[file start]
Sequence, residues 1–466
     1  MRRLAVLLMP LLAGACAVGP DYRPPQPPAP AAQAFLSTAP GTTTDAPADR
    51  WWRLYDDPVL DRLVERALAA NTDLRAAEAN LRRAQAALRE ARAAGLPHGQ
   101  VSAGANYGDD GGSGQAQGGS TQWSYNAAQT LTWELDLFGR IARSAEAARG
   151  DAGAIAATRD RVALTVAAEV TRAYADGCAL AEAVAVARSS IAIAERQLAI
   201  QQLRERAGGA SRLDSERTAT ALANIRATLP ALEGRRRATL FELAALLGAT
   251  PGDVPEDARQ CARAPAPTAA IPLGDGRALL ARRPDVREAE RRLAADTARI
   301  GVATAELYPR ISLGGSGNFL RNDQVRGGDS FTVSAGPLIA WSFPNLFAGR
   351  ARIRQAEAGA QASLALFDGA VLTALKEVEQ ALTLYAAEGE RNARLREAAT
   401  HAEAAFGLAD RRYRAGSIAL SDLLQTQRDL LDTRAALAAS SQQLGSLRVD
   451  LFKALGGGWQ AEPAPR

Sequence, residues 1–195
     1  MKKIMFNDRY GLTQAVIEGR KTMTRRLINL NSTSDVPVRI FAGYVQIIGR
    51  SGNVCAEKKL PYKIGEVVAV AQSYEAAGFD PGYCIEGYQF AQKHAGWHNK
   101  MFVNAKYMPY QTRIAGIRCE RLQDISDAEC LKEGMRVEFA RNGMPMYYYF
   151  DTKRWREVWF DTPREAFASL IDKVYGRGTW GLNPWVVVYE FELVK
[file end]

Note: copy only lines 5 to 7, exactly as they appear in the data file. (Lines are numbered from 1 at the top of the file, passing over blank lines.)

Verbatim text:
   151  DAGAIAATRD RVALTVAAEV TRAYADGCAL AEAVAVARSS IAIAERQLAI
   201  QQLRERAGGA SRLDSERTAT ALANIRATLP ALEGRRRATL FELAALLGAT
   251  PGDVPEDARQ CARAPAPTAA IPLGDGRALL ARRPDVREAE RRLAADTARI